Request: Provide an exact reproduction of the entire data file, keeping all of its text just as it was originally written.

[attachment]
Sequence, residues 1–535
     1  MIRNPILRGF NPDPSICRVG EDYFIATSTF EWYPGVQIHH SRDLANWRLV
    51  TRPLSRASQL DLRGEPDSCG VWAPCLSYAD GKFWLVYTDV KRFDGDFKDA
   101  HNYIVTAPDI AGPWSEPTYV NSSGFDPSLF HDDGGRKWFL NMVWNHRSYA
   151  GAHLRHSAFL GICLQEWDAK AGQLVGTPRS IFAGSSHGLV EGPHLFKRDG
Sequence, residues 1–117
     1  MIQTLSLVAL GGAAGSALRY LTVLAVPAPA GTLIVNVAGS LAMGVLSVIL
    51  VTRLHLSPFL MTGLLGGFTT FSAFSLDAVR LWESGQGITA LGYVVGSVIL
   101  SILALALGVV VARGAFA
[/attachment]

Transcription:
Sequence, residues 1–535
     1  MIRNPILRGF NPDPSICRVG EDYFIATSTF EWYPGVQIHH SRDLANWRLV
    51  TRPLSRASQL DLRGEPDSCG VWAPCLSYAD GKFWLVYTDV KRFDGDFKDA
   101  HNYIVTAPDI AGPWSEPTYV NSSGFDPSLF HDDGGRKWFL NMVWNHRSYA
   151  GAHLRHSAFL GICLQEWDAK AGQLVGTPRS IFAGSSHGLV EGPHLFKRDG
Sequence, residues 1–117
     1  MIQTLSLVAL GGAAGSALRY LTVLAVPAPA GTLIVNVAGS LAMGVLSVIL
    51  VTRLHLSPFL MTGLLGGFTT FSAFSLDAVR LWESGQGITA LGYVVGSVIL
   101  SILALALGVV VARGAFA